Erdogan is sure his strategy of politics cloaked by religion will consolidate his power. We shall see

Turkey’s leader is picking and choosing his way through his country’s history for the gaudiest bits to discard or embellish, writes Robert Fisk

Thursday 30 July 2020 18:02
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Recep Tayyip Erdogan, centre, and invited guests attend Friday prayers at Hagia Sophia
Recep Tayyip Erdogan, centre, and invited guests attend Friday prayers at Hagia Sophia

If Bashar al-Assad was the only figure able to take advantage of Recep Tayyip Erdogan’s “reconversion” of Saint Sophia into a mosque after a mere 85 years as a museum, something must be very wrong with the world’s reaction to the Turkish president’s latest political shenanigans.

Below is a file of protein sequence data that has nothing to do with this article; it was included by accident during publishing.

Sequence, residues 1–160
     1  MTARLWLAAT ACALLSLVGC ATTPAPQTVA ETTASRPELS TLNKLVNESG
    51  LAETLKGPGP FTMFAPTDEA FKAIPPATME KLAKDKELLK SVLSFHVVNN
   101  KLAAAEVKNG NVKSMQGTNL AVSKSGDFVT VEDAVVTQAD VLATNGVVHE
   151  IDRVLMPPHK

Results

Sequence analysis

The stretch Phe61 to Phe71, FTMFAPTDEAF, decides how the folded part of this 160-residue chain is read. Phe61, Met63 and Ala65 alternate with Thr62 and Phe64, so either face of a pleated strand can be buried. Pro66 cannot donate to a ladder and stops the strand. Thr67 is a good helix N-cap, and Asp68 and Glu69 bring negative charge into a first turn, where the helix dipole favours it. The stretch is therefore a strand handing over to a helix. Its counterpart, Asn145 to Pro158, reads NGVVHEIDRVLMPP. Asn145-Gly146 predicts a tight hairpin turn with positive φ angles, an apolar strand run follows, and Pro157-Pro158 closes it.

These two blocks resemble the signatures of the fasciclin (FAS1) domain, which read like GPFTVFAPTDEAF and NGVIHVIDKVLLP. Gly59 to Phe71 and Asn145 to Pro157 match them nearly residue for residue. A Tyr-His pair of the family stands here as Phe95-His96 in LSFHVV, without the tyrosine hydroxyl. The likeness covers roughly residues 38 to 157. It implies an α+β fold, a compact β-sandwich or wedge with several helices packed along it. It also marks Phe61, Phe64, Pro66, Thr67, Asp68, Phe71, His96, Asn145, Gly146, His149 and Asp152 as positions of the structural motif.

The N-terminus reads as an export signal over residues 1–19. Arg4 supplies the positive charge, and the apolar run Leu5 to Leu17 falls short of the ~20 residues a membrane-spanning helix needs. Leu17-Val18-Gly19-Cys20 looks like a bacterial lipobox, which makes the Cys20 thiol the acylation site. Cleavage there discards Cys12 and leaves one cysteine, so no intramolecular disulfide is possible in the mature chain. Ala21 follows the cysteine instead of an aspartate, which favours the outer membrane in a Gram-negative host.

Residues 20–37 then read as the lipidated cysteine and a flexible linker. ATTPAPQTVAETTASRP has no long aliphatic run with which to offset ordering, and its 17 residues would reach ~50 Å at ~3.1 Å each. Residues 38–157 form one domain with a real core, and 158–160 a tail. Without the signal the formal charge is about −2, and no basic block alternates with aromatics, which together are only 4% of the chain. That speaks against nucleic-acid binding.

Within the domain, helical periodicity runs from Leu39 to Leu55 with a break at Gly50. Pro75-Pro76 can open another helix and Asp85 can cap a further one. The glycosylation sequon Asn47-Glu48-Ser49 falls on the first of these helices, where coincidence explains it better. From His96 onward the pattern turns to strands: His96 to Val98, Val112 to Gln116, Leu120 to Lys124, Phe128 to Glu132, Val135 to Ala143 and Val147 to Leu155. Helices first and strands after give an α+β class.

After Erdogan restored the almost 1,500-year old structure – designed by its Christian builders to recreate the Temple of Solomon – to the status of a fully prayed-in, fully functioning, fully muezzined place of worship for Turkey’s Muslim majority, the Americans expressed their “disappointment”, the EU and Unesco their “regret” and the Pope his “deep sadness”.

Inevitably, only the Orthodox church rumbled on about this “threat to the whole of Christian civilisation” – though it has been tolling its misery about the loss of the church ever since the Muslims conquered Byzantium in the 15th century. In the Middle East, history lasts a long time.

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